4. The evidence is in equipoise as to whether the Veteran's current lower back disability is causally related to his military service.


CONCLUSIONS OF LAW

1. The criteria for withdrawal of an appeal by the Veteran have been met.  38 U.S.C.A. § 7105(b)(2), (d)(5) (West 2014); 38 C.F.R. § 20.204 (2016).

2. The January 2001 Board decision is final.  38 U.S.C.A. §§ 7103(a), 7104 (West 2014); 38 C.F.R. § 20.1100 (2016).

3. Evidence received since the January 2001 Board decision is new and material and the claim is reopened.  38 U.S.C.A. § 5108 (West 2014); 38 C.F.R. § 3.156(a) (2016).

4. The criteria for service connection for a lower back disability have been met.  38 U.S.C.A. §§ 1110, 1131, 5107 (West 2014); 38 C.F.R. §§ 3.102, 3.303 (2016).


REASONS AND BASES FOR FINDINGS AND CONCLUSIONS

A. Withdrawal of Claim for Service Connection for Bilateral Hearing Loss

The Board may dismiss any appeal which fails to allege specific error of fact or law in the determination being appealed.  38 U.S.C.A. § 7105 (West 2014).  An appeal may be withdrawn as to any or all issues involved in the appeal at any time before the Board promulgates a decision.  38 C.F.R. § 20.204 (2016).  Withdrawal may be made by the Veteran or by his or her authorized representative.  38 C.F.R. § 20.204.  In the present case, the Veteran has withdrawn his appeal for the claim of service connection for bilateral hearing loss and, hence, there remain no allegations of errors of fact or law for appellate consideration.  Specifically, at a May 2017 Board hearing, the Veteran made a declaration withdrawing this appeal.  The Board finds that the Veteran's withdrawal of his appeal was fully informed and voluntary.  Accordingly, the Board does not have jurisdiction to review the appeal and it is dismissed.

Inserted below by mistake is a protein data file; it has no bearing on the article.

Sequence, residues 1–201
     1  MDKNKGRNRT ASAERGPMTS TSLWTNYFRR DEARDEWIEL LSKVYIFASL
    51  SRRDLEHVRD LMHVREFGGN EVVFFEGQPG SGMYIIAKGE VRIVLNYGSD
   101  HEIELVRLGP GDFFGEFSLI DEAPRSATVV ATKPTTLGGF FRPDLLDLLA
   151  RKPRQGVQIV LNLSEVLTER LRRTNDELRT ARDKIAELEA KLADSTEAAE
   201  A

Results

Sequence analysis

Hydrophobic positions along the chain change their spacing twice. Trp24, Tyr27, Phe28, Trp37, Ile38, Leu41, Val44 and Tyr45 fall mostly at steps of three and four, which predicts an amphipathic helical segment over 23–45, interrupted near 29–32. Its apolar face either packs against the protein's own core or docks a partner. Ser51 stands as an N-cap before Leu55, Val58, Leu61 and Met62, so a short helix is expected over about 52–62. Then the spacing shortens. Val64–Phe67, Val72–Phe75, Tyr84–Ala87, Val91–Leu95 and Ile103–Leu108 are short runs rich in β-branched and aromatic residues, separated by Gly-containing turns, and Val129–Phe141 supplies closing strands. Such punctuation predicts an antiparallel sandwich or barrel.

B. Notice and Assistance

VA has duties to notify and assist claimants in substantiating a claim for VA benefits.  38 U.S.C.A. §§ 5103, 5103A; 38 C.F.R. § 3.159.

Any error in notice or assistance on the petition seeking to reopen a claim of service connection for a lower back disability is harmless given the favorable determinations.